As workers flow into Puerto Rico, residents try to leave

As workers flow into Puerto Rico, residents try to leave

Originally published: NPR Marketplace by Tracey Samuelson

As the plane began its descent into San Juan, Luis Gonzalez looked out the window and quietly wiped away a few stray tears.

“My house is down there,” he said, gesturing at the skyline below. Gonzalez is Puerto Rican, from just outside San Juan. Though he’s lived in Brooklyn for over three decades now, his mother and much of his family still live on the island.

“It used to look green,” he said, surveying downed trees. “I don’t think it’s the same.”

Fifteen days after the Hurricane Maria made landfall, only 10 percent of the country has power and about half have running water.

Restoring the country’s infrastructure will take time. It’ll also take skilled workers and heavy equipment.

Gonzalez, a cement truck driver, is one of about 300 union workers on the United Airlines flight from New York, headed to Puerto Rico to aid in its recovery. He’s frustrated that two weeks after the storm, aid seems to be arriving in Puerto Rico, but doesn’t seem to be getting out to the people.

“Why should I bring water from New York?” he asked. “I got food in my bag to bring to my mother. Why is she not getting food?”

The federal government has over 10,000 workers on the ground in Puerto Rico, doing everything from installing generators and temporary roofing on hospitals to delivering diesel.

But the need is vast, said José Rodríguez Báez president of the AFL-CIO in Puerto Rico.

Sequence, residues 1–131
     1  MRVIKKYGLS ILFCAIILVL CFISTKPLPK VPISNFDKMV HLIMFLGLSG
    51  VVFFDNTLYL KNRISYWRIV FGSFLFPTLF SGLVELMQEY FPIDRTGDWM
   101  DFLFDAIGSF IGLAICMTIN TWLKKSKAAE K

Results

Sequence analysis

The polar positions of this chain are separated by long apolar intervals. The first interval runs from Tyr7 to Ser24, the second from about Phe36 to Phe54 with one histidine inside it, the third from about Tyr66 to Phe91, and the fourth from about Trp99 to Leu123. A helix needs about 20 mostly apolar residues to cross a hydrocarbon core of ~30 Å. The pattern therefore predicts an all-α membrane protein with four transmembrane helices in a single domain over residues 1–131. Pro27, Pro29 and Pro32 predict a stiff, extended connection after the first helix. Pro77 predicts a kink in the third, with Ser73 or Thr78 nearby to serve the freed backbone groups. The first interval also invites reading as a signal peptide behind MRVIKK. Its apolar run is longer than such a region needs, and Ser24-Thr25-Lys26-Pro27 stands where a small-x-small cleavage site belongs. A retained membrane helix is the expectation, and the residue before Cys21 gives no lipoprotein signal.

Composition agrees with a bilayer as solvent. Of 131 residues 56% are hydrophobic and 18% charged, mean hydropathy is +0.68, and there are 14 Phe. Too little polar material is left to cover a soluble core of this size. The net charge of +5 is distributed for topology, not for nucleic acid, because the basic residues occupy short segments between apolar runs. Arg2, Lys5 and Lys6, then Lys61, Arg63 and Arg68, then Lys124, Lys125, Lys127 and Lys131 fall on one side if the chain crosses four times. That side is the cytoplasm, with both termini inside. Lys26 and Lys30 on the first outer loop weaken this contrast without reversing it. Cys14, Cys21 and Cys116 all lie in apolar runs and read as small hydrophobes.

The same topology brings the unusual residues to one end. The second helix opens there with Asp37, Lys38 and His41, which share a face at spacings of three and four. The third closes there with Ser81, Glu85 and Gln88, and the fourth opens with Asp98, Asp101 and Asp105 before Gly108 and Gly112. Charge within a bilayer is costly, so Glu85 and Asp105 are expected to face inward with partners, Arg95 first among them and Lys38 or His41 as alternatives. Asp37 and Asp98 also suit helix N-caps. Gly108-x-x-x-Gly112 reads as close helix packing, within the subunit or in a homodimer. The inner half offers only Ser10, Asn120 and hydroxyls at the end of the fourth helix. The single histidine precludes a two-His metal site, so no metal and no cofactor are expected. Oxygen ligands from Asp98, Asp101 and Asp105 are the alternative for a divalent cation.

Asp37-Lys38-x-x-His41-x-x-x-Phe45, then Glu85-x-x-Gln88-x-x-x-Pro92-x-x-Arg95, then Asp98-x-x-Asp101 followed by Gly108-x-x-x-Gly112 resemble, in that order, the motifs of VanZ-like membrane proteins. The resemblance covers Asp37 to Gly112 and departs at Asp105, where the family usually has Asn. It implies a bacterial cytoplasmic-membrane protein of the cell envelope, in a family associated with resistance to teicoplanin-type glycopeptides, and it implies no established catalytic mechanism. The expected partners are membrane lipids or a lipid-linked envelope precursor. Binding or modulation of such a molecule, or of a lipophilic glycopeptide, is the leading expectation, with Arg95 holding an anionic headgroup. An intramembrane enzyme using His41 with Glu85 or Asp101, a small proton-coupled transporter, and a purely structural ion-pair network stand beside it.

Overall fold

“We need all of the help we can get here because all of the island was destroyed,” he said, as he greeted the plane full of union workers. “When you go to the community and you see the situation, it’s too difficult for our people.”

The mayor’s office in San Juan drafted a list for the AFL-CIO of different skills it needs and how many of each kind of worker it could use. Then the call went out to the union affiliates across the U.S. – for heavy equipment operators, drivers with heavy truck licenses, doctors and nurses, electricians and others. The mayor’s office will provide food and housing while the workers tackle jobs in San Juan and the surrounding areas.

The same United plane that brought the union workers to Puerto Rico, later loads about 250 evacuees to take off the island. The airline didn’t charge for seats on either leg of the journey and the crew staffing the flights were also volunteers.

Lilly Belez and her three-year-old daughter scored seats in first class. She choked up when the flight attendant brought out dinner – it was the first hot meal she’s had since the storm.

Over the last two weeks, finding milk for her daughter has been a daily struggle and she’s been eating bread, Chef Boyardee, sausages, cookies and cornflakes.

Alone with her daughter and desperate to get to family in Orlando, Florida, she only found out she could get on this United flight about six hours before it left. Two previous flights she booked to leave the island were canceled.

“This is very hard,” she said. “I didn’t have time to say goodbye to no one.”

She thinks she’ll be gone five, maybe six months, but she’s not really sure.

The Center for Puerto Rican Studies at Hunter College in New York estimates net outflows of residents leaving the island might double or triple this year, though those numbers could be tempered slightly by Puerto Ricans who return to work on the recovery.

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